September 18, 2011

The One Where I Rant About Church Websites

We still haven't found a home church here in El Paso. Not because there aren't options - oh, there are. We've tried quite a few. But it's been a difficult process.

For one thing, we're not Catholic. So, there's that.

Next, we don't speak much Spanish, and many, many of the churches here are iglesias. Yes, I know that's just "church" in Spanish, but they are Spanish language churches, and we don't speak enough Spanish to attend one.

Plus, it would be nice to attend a church on this side of the city, if at all possible.

So you whittle that down, and you're left with few choices.

And many of the ones left are fundys, which for many reasons are at the bottom of the list. Like, below "English-speaking."

And the churches don't really make it easy for you to find them, either. Only a fraction have websites, and the ones that do don't help much. They have a very nondescript name ("Main Street Church") with a bland subheading ("We love everyone") and an indeterminate statement of beliefs ("God and Jesus are awesome!").

They give you their address and their service times and that's basically it. And well, it has gotten us to visit several of them. Once.

Truth be told, this isn't unique to El Paso. I'm seeing this more and more with church websites. They try to be as broad as possible, obviously because they are trying to appeal to as many people as possible. I understand that. But there's a line between being "all things to all people" and losing your identity. Because some of us want to actually be part of a church, not just a super-friendly community service organization.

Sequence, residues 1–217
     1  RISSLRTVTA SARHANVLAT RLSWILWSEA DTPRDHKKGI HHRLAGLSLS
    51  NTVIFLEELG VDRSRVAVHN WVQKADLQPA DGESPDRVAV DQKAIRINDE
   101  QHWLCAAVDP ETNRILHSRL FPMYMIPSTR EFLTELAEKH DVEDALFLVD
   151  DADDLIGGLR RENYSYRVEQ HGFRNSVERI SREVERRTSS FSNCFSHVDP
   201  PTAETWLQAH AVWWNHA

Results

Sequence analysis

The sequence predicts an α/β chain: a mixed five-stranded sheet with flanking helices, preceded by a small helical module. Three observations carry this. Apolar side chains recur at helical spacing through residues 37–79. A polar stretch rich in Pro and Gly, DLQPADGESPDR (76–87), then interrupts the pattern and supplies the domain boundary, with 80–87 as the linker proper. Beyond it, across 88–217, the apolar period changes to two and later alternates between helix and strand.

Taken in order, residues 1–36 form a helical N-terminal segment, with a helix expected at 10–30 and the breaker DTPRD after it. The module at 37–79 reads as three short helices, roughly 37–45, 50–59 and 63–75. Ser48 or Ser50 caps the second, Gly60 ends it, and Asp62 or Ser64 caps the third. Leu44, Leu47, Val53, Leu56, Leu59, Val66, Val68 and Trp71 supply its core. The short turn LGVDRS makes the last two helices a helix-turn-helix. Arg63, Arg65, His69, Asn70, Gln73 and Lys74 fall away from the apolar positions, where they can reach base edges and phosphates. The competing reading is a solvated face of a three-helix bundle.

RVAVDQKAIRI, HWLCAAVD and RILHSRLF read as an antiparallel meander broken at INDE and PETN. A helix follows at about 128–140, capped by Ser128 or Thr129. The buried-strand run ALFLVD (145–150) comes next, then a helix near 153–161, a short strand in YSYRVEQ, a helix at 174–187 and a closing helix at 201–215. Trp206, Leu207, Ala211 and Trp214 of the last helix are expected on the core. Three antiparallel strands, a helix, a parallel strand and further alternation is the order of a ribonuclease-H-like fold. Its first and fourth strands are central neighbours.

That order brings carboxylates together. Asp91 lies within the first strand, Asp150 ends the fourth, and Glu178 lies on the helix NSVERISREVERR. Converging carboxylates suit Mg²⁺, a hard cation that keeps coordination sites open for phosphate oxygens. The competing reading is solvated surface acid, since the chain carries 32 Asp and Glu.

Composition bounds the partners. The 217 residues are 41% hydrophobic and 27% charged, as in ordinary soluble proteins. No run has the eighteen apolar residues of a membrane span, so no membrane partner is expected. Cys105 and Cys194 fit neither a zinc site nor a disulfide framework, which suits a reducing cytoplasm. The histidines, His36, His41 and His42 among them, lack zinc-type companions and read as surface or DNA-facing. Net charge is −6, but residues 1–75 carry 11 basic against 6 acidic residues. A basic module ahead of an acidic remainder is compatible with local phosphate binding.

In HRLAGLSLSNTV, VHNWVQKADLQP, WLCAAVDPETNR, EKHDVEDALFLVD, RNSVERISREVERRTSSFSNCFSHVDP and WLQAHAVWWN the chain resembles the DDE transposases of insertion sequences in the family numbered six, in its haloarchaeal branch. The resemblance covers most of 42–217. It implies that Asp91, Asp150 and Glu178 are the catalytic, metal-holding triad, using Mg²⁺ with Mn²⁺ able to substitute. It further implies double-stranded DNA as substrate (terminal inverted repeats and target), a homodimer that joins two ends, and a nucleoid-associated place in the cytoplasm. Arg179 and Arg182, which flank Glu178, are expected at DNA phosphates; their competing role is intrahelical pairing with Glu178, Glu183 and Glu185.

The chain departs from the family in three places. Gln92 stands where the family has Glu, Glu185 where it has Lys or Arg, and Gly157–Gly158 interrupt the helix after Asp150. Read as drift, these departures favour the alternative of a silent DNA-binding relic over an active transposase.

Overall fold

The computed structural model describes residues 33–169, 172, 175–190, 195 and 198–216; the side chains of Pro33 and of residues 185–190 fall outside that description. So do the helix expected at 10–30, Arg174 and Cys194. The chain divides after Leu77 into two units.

If I can't tell from a church's website who they are, what they believe and whether or not we're compatible, I don't even want to bother and find out if I will feel at home there. I know I won't. If they don't believe what I do about God, Jesus, the Bible, humanity, redemption, all the essentials, then I know we aren't going to mesh.

Unfortunately, many church websites don't really go into that. And it's discouraging.

The irony is, many of these same churches offer online streaming "worship services," since, ya know, it's possible to participate in the assembly by watching TV. :p (No, it's not. You can pretend it is, but it's not. This comes from a social media-addicted introvert: You're still at home, by yourself. It's not the same thing.) So it's not like they're worried we'll read the last chapter and not buy the book (proverbially).

So, please, dear church website admins, make your church websites actually say something. If your church isn't "about" anything, then it's fine if your website isn't either.

But if it is, if you really feel like your church has something to say, say it there.

Next time we'll talk about the actual experience of visiting churches. Probably on Thursday. Bring a snack.


  1. I'm not quite sure why this exact post hasn't come out of my brain yet, but ditto, Amen, and ditto.